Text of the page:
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By Karin Alejandra Rosemblatt | University of North Carolina Press Blog

"I saw 'Black Panther' just weeks after the publication of my new book, which assesses the work of intellectuals committed to the well-being of Native peoples. "The Science and Politics of Race in Mexico and the United States, 1910-1950," echoes the themes of Marvel’s blockbuster in exploring the tension between more insular identities and broader solidarities, local custom and global science.

"'Black Panther' focuses on the African polity of Wakanda, a place with vibrant traditions and artistry but also—surprisingly, given its reputation as a backward African nation—extraordinary scientific and technological sophistication. Wakanda has kept quiet about its intellectual and natural riches, including its extensive supply of the valuable metal Vibranium. By avoiding contact with the outside world, it has remained moored to its own distinct past. It nevertheless possesses resources and knowledge that humanity as a whole urgently needs. Panther’s plot hinges on whether the Wakandan leader T’Challa will continue on this insular path or lend Wakandan expertise to the disenfranchised peoples of the globe."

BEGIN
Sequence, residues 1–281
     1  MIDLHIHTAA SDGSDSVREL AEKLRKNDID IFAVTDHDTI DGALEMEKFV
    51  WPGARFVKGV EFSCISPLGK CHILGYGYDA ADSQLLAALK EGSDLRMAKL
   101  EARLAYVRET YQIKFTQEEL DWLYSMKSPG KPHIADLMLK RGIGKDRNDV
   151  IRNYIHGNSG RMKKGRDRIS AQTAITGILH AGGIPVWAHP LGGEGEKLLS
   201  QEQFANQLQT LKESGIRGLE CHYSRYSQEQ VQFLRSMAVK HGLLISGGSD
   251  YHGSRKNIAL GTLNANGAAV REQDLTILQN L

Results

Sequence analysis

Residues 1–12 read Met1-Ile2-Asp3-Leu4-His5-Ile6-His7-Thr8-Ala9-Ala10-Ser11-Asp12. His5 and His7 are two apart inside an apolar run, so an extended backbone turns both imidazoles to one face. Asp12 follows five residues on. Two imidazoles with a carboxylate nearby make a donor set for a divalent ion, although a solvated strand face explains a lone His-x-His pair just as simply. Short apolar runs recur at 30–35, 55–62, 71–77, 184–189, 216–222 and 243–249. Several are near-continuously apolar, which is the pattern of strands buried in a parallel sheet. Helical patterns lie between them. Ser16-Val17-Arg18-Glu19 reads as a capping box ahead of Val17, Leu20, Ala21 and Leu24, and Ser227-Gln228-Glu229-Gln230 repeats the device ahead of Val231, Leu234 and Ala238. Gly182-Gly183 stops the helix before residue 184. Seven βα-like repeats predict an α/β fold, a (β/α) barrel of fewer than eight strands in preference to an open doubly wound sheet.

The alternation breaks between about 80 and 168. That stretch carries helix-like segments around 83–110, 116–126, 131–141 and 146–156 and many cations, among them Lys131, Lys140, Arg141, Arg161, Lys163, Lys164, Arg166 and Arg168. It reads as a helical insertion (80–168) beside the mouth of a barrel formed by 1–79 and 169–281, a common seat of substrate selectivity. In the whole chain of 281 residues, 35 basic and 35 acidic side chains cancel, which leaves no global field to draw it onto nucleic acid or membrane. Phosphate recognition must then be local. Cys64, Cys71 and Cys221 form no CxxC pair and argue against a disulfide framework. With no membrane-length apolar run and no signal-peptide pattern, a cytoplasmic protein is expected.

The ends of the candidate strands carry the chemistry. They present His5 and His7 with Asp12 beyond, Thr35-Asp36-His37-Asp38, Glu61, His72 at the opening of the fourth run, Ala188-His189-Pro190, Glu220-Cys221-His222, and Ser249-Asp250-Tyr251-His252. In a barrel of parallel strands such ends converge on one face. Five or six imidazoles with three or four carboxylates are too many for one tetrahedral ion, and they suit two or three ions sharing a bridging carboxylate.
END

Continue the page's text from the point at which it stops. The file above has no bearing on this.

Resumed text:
Read her complete post on the University of North Carolina Press Blog

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